In each round of the two-player game of Rochambo, you and your opponent simultaneously display one of three gestures: Rock, Paper, or Scissors. If both of you have made the same move, the outcome is a tie. Otherwise, Rock beats Scissors, Scissors beats Paper, and Paper beats Rock.
An optimal strategy against an opponent who makes random moves is to play randomly yourself. However, most people are incapable of generating a truly random series of moves, and it may be possible to exploit patterns in their play. According to one theory, the human mind works in the following manner. After making two consecutive moves of the same kind, the next move is likely to be the same as the previous two. But after making two different consecutive moves, the next move is likely to be different from the previous two.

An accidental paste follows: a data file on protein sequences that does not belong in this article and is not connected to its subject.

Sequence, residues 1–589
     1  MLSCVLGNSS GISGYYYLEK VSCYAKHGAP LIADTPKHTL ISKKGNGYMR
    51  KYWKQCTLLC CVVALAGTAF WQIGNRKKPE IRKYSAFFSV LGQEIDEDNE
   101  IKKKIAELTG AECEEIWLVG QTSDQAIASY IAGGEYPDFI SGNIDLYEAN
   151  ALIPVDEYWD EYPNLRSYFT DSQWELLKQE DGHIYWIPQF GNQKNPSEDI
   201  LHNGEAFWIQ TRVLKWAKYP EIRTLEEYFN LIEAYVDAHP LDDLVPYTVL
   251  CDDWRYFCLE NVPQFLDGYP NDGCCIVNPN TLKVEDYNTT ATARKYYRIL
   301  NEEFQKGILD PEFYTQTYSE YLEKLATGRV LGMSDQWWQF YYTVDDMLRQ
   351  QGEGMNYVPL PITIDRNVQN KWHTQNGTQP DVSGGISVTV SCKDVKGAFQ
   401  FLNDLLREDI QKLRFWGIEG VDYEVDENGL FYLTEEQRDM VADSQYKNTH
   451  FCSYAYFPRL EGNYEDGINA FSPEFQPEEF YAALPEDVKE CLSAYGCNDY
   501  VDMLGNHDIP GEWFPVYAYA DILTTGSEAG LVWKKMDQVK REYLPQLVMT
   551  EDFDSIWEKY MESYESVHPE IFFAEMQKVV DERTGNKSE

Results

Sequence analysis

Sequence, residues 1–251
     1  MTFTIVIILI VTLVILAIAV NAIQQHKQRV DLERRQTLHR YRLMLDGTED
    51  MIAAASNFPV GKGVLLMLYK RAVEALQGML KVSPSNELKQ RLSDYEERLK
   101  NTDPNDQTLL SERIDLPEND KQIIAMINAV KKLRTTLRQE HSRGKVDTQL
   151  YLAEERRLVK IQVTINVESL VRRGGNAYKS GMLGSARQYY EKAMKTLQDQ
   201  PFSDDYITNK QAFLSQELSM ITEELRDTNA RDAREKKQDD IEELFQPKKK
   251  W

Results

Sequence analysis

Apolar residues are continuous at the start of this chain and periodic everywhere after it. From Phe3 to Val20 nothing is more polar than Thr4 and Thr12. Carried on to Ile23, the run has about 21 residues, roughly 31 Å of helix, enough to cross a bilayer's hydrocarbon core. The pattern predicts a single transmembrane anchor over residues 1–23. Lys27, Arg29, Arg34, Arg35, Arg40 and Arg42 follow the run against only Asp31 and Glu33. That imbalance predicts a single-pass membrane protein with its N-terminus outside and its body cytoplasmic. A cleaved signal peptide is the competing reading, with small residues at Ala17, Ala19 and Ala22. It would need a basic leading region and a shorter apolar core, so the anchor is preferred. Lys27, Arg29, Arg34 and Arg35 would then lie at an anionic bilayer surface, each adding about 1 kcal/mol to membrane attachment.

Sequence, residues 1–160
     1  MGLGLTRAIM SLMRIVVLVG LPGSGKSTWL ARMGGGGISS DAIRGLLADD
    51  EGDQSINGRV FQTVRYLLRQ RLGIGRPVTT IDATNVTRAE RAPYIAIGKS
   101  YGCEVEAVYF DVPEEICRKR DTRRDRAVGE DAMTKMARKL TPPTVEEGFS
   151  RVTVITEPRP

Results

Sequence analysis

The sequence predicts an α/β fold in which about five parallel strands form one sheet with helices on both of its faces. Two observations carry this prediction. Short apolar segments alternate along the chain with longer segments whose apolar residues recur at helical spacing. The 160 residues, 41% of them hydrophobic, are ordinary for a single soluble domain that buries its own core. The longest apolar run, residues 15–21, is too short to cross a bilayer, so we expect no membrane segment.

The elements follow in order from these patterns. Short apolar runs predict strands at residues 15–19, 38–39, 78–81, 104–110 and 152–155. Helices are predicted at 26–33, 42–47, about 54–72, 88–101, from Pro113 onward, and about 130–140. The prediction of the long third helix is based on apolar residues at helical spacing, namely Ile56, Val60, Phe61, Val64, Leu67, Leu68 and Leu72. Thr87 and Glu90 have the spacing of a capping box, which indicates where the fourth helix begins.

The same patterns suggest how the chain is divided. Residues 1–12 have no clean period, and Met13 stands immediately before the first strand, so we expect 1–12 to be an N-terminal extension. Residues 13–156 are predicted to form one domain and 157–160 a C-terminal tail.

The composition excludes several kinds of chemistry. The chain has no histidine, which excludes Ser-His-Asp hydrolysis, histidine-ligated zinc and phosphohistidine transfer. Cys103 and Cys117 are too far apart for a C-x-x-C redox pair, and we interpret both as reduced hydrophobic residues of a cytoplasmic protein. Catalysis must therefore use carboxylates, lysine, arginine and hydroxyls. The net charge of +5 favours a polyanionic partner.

Given a String containing a record of your opponent's moves, calculate how many rounds you would win if you believed in this theory. Each gesture is represented by its initial letter. Your first two moves are always Rock. Thereafter, taking into account your opponent's previous two moves, you must apply the psychological theory described above to predict your opponent's next move, and counter it with the move that would defeat it.